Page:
longbow repair/alteration

Falco88

New member
When I said I'm new I meant to the forum not to archery.......I'm fully aware of which end is which and what grove does what. This is my second longbow hence I understand the quality isn't great (it was intended as a project I have seen the bowyers previous bows) hence my orginal question all I would like is some advice/steps to take when shorterning bows, do's and don't etc.
 

Falco88

New member
Just looked at my old post, when I said to stringer groves I meant it has a stringer grove on both top and bottom nock. That picture is the bottom nock.
 

WillS

New member
When I said I'm new I meant to the forum not to archery.......I'm fully aware of which end is which and what grove does what. This is my second longbow hence I understand the quality isn't great (it was intended as a project I have seen the bowyers previous bows) hence my orginal question all I would like is some advice/steps to take when shorterning bows, do's and don't etc.
Fair enough. Don't shorten the bow. How's that? ;)

Seriously though, there is just no need. Get a decent string, the right length and chances are everything will be sorted. Shortening a bow just because you can't string it is madness!


Still, here's what I'd do if I wanted to shorten a bow with horn nocks.


First you'd have to remove the nocks. This can be tricky depending on what they've been glued on with. If glued on with epoxy you could heat gently until they give, but risk damanging both the nock and the wood. If glued on with superglue, heat might work but it tends to penetrate the fibres of both horn and wood incredibly well so you may have to destroy the horn nocks completely to get them off.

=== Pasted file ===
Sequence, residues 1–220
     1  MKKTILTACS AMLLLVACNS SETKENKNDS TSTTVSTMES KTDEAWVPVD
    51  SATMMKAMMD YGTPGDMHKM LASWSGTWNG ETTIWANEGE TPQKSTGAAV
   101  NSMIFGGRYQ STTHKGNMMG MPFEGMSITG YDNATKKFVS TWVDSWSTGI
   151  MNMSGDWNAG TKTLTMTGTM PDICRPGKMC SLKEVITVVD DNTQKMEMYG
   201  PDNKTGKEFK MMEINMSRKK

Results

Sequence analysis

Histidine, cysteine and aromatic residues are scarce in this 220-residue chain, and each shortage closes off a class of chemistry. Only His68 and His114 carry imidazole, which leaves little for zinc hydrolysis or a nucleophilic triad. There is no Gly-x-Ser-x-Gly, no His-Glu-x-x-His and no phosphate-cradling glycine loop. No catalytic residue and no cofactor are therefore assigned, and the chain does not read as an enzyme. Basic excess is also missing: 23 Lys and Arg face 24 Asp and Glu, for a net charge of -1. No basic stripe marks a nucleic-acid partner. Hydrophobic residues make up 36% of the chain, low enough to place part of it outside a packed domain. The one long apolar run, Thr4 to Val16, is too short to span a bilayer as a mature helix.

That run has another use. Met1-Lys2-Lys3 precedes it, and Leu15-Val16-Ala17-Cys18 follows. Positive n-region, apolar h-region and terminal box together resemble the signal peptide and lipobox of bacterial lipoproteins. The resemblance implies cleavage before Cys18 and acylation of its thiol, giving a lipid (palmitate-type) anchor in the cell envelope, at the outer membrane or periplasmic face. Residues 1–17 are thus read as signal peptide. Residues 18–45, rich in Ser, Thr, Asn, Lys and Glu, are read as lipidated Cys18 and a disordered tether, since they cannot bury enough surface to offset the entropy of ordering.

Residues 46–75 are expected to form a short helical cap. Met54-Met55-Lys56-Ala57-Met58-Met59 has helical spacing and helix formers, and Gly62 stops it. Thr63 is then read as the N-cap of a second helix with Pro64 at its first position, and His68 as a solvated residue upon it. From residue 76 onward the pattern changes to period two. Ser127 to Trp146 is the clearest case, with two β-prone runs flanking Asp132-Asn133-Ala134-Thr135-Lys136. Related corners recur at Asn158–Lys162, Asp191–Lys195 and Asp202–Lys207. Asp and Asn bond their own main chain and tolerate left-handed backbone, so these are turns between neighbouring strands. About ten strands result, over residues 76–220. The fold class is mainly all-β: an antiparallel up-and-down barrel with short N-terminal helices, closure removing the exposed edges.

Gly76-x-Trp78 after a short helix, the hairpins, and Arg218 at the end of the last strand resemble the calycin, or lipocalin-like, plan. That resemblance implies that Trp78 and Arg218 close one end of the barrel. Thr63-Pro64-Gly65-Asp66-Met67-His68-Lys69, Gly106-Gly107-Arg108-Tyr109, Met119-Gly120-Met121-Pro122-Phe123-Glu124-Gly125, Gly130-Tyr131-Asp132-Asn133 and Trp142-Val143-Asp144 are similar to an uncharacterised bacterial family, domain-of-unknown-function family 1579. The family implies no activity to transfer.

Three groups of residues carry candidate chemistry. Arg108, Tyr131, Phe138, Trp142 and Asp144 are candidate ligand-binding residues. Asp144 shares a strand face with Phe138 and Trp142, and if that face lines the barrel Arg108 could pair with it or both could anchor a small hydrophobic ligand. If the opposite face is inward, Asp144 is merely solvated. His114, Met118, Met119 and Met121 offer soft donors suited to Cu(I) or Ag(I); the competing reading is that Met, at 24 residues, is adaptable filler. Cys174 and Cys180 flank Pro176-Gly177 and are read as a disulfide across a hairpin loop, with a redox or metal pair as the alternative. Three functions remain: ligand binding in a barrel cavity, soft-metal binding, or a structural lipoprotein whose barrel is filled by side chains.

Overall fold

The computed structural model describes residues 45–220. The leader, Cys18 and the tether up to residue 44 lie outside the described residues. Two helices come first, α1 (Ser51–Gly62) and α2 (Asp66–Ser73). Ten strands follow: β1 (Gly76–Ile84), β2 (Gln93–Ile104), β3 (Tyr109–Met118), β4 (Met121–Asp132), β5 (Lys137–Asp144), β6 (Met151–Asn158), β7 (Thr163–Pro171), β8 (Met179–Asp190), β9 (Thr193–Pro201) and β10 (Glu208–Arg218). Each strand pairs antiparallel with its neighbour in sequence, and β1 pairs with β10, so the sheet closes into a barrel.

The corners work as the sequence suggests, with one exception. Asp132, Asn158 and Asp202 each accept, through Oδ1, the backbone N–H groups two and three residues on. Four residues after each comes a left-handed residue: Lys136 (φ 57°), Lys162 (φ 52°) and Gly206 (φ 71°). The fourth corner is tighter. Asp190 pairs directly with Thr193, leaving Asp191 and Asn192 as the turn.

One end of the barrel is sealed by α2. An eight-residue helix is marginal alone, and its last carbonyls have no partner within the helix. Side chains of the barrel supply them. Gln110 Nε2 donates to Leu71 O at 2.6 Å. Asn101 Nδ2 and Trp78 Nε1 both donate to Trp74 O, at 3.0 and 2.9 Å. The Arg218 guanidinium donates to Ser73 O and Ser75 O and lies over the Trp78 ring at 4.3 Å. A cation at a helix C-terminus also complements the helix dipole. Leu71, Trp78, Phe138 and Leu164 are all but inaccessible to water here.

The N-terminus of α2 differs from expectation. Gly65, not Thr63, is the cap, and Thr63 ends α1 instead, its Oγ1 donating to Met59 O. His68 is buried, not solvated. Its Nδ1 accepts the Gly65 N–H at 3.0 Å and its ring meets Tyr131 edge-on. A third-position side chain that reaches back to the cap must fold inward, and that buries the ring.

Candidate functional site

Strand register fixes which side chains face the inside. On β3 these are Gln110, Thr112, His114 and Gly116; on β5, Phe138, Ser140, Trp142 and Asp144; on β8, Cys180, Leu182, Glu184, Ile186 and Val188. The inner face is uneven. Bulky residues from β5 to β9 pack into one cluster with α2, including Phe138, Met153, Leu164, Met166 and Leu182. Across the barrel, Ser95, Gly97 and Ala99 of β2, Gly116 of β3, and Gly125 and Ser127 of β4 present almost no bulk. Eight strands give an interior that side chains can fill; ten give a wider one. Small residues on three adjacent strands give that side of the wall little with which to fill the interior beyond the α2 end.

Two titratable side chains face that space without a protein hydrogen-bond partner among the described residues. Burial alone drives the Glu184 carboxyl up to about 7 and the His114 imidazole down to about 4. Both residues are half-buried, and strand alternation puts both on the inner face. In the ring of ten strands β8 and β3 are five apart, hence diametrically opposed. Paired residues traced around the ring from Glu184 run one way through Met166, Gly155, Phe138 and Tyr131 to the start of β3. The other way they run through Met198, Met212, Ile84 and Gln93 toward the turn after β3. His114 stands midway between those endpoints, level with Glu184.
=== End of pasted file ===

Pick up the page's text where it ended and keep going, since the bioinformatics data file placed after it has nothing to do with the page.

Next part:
You then have to work out how short you want to make it - not sure you can get that from here, because the reason you're shortening the bow doesn't make sense so it would be really tricky to give you lengths/dimensions etc which would solve the issue. Once the length is sorted out, you need to cut temporary nocks so that you can re-tiller. You may think it's uneccesary but trust me, it's not worth the risk otherwise. You'd be surprised just how much a tiller can change with a few inches here and there. If you've not done any tillering before, that's a whole other kettle of fish. Of course you'd need to build a tiller, complete with pulley and winch and scales etc etc before you could start.

I guess you could get away with using a simple tillering tree (a solid length of timber with a support for the bow and notches at inch intervals all the way down the vertical length of timber that you use to check the bend. It's certainly not ideal and can cause uneccessary set/string follow as compared to using a proper tiller)


Once the tillering is done (probably just minor touch ups, with some scraping/sanding if you're lucky) you have to fit the nocks again. If you got them off in one piece you're fine, but you need to re-shape the bow tips to fit the nocks. Very awkward if you haven't made the horn nocks yourself, as you have no way of knowing what profile the bowyer used to cut the hole. Would probably just be trial and error with a lot of very careful rasping and sanding and checking until the horn fits again. They would have to be glued back on of course, and then you'd be done.